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New COVID-19 national research register to improve health impacts over time


An online national research register will recruit one million Australians for research addressing COVID-19.

A team of researchers from UNSW and The George Institute is inviting the Australian community to help change the course of COVID-19, protect against future pandemics and address the nation’s other pressing health concerns.

“By signing up to the new Count Me In research register, Australians can assist in the rapid prevention and treatment of COVID-19 as well as other future diseases,” says Professor Bruce Neal, Executive Director of The George Institute. 

The participation of the Australian community will also help define the medium and long-term effects of COVID-19 on our health and wellbeing, and help evaluate the risk of reinfection.  

Count Me In enables Australians to sign up to be contacted about research projects that might be of relevance to them. The consent provided will connect researchers with participants directly, thereby removing any third parties, and streamlining the research process,” says Professor Neal.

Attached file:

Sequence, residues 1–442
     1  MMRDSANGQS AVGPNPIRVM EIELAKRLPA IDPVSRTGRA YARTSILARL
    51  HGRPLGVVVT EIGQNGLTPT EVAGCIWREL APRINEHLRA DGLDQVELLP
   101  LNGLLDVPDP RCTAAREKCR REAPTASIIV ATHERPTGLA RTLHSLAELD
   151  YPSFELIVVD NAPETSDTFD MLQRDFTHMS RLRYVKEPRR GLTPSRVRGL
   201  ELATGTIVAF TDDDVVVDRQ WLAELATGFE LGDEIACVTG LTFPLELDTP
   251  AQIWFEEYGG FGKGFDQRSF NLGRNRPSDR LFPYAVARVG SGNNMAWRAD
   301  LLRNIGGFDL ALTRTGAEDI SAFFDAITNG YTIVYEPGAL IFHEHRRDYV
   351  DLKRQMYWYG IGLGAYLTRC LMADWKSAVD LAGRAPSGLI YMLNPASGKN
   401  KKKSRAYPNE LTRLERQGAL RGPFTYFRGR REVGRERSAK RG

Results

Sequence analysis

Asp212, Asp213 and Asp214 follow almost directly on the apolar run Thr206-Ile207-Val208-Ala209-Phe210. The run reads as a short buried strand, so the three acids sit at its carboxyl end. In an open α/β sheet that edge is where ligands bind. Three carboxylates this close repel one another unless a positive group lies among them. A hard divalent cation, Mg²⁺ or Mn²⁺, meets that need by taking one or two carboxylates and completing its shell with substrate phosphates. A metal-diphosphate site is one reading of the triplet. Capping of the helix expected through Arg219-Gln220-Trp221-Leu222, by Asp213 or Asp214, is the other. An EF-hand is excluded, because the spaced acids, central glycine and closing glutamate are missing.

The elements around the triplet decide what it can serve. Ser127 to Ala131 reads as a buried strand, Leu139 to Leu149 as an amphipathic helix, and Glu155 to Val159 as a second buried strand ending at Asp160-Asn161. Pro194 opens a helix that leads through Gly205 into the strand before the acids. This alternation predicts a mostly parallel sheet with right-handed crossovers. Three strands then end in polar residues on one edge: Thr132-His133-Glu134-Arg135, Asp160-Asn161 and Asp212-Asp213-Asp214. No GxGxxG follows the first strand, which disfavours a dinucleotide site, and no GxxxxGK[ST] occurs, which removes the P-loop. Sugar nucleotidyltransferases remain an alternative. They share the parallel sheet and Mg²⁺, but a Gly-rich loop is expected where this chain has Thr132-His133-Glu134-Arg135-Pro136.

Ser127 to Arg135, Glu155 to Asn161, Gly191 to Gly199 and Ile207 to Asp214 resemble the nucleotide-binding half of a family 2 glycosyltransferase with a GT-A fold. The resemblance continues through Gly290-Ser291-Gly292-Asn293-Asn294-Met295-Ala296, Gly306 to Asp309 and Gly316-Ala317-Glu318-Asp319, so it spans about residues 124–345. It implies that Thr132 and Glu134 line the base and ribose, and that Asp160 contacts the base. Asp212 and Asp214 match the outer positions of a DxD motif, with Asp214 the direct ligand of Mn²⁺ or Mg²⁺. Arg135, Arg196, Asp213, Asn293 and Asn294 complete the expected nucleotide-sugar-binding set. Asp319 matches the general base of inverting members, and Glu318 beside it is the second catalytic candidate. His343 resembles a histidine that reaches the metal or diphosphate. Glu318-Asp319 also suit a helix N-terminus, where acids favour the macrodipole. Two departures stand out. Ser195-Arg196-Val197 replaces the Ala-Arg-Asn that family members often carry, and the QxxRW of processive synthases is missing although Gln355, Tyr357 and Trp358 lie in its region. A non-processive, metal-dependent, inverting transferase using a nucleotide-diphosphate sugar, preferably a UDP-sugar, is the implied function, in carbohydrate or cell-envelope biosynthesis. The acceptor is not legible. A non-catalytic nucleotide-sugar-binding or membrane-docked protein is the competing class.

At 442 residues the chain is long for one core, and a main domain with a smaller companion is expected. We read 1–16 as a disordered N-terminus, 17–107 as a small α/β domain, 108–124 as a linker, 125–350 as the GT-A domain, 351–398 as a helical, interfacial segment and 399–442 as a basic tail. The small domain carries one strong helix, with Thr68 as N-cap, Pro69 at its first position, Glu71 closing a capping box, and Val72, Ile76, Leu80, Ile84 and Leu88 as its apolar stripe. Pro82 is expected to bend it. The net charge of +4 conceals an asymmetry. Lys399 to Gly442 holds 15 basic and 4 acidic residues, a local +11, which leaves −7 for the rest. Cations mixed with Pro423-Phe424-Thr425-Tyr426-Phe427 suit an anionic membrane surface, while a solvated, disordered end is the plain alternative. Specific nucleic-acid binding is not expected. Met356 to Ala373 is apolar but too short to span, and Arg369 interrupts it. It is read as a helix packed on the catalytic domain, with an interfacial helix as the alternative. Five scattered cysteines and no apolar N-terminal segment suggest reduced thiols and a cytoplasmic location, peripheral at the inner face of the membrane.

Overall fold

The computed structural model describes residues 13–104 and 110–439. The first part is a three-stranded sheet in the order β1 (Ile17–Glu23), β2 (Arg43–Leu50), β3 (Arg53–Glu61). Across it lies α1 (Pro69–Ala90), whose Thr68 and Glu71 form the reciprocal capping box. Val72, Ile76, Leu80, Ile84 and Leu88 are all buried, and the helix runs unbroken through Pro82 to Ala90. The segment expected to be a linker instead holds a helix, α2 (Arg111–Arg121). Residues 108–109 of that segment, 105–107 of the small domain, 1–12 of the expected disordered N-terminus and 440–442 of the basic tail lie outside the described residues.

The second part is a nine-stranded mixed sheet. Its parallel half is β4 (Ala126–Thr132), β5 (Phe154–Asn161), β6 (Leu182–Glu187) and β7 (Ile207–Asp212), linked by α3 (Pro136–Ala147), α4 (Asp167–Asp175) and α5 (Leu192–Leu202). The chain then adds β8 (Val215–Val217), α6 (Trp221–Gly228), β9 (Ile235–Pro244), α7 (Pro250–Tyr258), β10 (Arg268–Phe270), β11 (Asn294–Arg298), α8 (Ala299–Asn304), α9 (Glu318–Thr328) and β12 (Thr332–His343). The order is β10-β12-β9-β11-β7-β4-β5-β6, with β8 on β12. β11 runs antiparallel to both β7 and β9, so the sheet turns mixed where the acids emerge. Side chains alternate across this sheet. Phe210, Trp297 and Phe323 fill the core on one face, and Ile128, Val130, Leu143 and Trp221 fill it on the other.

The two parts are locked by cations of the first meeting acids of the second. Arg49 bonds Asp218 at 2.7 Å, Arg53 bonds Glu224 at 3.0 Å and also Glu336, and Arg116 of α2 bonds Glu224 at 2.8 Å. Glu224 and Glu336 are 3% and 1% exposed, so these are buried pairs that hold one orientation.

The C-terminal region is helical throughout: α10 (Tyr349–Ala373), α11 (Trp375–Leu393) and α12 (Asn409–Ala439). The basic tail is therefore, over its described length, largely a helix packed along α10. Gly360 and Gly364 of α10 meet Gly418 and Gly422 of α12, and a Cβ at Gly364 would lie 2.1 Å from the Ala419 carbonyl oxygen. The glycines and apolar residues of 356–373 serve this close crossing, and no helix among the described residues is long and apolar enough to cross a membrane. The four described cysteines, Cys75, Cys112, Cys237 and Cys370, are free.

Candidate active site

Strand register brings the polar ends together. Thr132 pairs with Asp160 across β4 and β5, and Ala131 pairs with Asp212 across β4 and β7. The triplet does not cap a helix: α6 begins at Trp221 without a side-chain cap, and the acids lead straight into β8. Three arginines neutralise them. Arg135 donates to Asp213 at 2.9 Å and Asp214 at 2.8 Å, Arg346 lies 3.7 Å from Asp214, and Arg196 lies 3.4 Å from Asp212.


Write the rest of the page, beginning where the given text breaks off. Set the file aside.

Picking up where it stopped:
Community participation is often integral in scientific research. However, a major challenge researchers face is actually recruiting participants. 

“While two thirds of the general community might say they are happy to be involved in clinical trials, in practice, less than one per cent ever do,” explains Professor Neal.

To bridge the gap between what the community aspires to, and what researchers manage to achieve, UNSW Sydney and The George Institute for Global Health have spent the last six months developing the revolutionary new online research register. 

As one of the 12 research projects identified as being a national priority within UNSW’s Rapid Response Research Fund, Count Me In aims to recruit one million Australians to engage in research addressing COVID-19 and other pressing health issues. 

“The COVID-19 pandemic requires a massive and immediate research response that will need substantial community involvement,” says Professor Neal. “Our vision for Count Me In is that it will help respond to, and outlive the COVID-19 pandemic by continuing to serve as a sustainable resource for Australian researchers for years to come.”

Professor Neal explains: “We borrowed from a successful model developed in Scotland called SHARE, which links participant details with their routinely collected medical data to determine whether they might be suitable for health research studies”.

Your support for more effective and efficient research will speed lifesaving solutions and recovery across all areas of our lives. “There is an opportunity here to make a real difference for generations to come,says Professor Neal.